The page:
Virginia Democrats attacked Republican Attorney General Ken Cuccinelli on Wednesday for jumping onto the anti-sequestration side at the last minute.

Cuccinelli on Tuesday came out against the $1.2 trillion in defense and domestic spending cuts -- known in Washington as sequestration -- that are scheduled to go into effect Friday. The Republican governor candidate called on Congress to take actions to avert the crisis.

The Democratic Party of Virginia mocked the release as a "perfunctory statement, issued 574 days since the law establishing the damaging automatic cuts was enacted and just 3 days before they take effect."

It also noted that Cuccinelli in the past has been a proponent of shrinking the federal government, which has been a catalyst for the economic prosperity in Northern Virginia, quoting a Washington Post story from more than two years ago where he called that growth "not good."

But Cuccinelli's camp pointed to a July 12 press release from Republican presidential candidate Mitt Romney's campaign that quotes Cuccinelli blaming President Obama for the defense spending reductions and calling for "cooperation to avoid these types of severe sequestration cuts."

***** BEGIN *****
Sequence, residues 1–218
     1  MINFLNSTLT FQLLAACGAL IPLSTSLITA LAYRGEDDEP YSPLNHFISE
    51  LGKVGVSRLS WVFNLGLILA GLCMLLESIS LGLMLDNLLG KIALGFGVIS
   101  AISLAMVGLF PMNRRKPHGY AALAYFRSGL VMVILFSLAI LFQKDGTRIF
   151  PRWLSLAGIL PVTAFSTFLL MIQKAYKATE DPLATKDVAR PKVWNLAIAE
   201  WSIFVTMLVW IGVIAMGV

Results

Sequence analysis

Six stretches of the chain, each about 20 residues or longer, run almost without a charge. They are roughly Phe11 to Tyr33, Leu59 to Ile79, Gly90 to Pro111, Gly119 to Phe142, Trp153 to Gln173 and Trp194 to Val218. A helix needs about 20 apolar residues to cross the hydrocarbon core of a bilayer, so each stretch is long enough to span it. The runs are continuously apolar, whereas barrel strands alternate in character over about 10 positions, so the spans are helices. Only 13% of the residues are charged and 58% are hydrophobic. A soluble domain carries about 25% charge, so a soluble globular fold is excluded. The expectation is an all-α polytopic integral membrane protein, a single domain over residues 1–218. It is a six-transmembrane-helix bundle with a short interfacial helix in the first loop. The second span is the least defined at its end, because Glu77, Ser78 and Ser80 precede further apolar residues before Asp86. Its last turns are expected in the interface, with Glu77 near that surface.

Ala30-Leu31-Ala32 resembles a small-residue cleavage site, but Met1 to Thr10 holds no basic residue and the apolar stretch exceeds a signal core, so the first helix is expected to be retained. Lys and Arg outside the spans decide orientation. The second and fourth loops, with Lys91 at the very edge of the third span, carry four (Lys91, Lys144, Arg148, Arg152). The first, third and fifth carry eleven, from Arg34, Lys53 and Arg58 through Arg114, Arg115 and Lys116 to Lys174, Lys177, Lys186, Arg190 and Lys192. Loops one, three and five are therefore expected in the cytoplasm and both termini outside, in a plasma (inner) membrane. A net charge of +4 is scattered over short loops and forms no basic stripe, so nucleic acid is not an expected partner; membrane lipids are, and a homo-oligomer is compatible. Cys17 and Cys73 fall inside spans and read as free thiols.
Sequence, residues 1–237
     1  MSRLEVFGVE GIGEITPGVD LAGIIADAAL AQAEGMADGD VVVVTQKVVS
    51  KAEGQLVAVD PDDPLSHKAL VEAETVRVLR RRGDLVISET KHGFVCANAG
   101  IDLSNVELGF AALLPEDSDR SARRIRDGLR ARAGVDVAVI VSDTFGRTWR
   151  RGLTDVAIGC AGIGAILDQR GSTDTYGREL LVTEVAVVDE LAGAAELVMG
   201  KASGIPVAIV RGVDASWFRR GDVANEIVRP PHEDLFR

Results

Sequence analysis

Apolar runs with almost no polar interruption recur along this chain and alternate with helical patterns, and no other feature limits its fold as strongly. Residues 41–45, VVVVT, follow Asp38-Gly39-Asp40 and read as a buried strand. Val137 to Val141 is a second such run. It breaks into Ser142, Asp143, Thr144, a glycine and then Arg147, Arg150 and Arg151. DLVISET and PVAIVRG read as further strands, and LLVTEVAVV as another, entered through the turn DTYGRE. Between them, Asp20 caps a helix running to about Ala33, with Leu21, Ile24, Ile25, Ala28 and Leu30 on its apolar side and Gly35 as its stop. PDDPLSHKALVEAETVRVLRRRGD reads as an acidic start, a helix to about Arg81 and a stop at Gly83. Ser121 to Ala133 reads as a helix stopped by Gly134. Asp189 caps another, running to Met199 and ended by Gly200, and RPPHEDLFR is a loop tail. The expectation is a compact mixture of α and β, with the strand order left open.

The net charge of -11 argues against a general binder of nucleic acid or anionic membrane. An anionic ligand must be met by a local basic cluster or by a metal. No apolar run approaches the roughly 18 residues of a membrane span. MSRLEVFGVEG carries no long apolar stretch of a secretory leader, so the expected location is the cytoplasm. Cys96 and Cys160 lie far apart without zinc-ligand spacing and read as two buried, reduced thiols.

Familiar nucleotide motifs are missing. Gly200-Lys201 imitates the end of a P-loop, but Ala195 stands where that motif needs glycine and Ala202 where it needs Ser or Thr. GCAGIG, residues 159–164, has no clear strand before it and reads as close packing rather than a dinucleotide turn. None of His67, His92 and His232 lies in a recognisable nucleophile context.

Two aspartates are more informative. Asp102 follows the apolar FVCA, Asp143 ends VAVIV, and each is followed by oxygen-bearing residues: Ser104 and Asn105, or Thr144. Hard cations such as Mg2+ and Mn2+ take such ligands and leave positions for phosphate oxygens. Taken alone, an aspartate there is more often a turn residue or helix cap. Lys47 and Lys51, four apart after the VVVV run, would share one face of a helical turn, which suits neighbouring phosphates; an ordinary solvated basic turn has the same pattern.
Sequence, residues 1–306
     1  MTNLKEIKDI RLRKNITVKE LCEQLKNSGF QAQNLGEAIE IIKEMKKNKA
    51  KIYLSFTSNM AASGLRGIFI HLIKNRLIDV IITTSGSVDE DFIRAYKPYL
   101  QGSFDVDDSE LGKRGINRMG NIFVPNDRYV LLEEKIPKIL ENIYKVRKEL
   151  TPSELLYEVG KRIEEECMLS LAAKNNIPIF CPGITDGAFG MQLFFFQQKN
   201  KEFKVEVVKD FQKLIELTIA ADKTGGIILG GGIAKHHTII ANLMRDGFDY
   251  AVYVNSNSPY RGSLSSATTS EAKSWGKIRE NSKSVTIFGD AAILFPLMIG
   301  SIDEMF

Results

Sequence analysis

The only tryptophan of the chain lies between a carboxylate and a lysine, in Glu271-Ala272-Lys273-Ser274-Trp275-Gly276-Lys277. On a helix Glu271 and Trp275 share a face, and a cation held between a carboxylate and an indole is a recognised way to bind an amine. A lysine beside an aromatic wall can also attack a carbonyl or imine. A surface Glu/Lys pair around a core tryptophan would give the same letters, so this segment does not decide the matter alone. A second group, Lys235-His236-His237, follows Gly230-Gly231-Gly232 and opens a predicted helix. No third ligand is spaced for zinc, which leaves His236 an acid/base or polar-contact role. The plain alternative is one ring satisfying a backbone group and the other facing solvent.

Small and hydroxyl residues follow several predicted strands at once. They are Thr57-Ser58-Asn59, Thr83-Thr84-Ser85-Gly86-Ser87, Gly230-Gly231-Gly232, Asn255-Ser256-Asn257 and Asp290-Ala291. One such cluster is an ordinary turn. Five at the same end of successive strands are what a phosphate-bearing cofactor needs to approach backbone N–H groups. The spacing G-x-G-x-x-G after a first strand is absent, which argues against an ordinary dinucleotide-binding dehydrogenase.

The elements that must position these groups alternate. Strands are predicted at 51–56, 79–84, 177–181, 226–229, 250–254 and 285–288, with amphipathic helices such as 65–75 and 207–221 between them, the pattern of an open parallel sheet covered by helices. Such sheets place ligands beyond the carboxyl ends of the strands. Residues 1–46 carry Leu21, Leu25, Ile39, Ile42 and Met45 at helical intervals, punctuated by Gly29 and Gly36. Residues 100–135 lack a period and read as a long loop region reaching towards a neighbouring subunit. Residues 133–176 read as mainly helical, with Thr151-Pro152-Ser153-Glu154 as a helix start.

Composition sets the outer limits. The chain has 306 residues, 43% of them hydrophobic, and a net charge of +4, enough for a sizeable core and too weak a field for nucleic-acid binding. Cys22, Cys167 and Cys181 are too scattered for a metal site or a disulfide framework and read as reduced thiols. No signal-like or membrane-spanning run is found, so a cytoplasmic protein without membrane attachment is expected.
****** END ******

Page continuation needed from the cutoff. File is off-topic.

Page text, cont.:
Cuccinelli had not recently weighed in on the automatic budget cuts that would devastate the Washington area economy, but he said in a statement that, "It's critical for the White House and Congress to fix the mess they created," noting the particular impact it will have on Virginia.

Both Democrat Tim Kaine and Republican George Allen were strong opponents of sequestration on the campaign trail for a U.S. Senate seat last year and Gov. Bob McDonnell has frequently lobbied Congress and President Obama to avert the cuts, which will hit Virginia harder than almost any other state in the country.

"One misleading press release will not mask Ken Cuccinelli's lifetime record as an anti-government ideologue who just this past weekend refused to oppose devastating sequester cuts that could cost Virginia 200,000 jobs," said state Democratic Party Executive Director Lauren Harmon. "Cuccinelli's belief that economic growth in Northern Virginia is 'not good' reflects a career of pursuing extreme ideological crusades that cost Virginia families."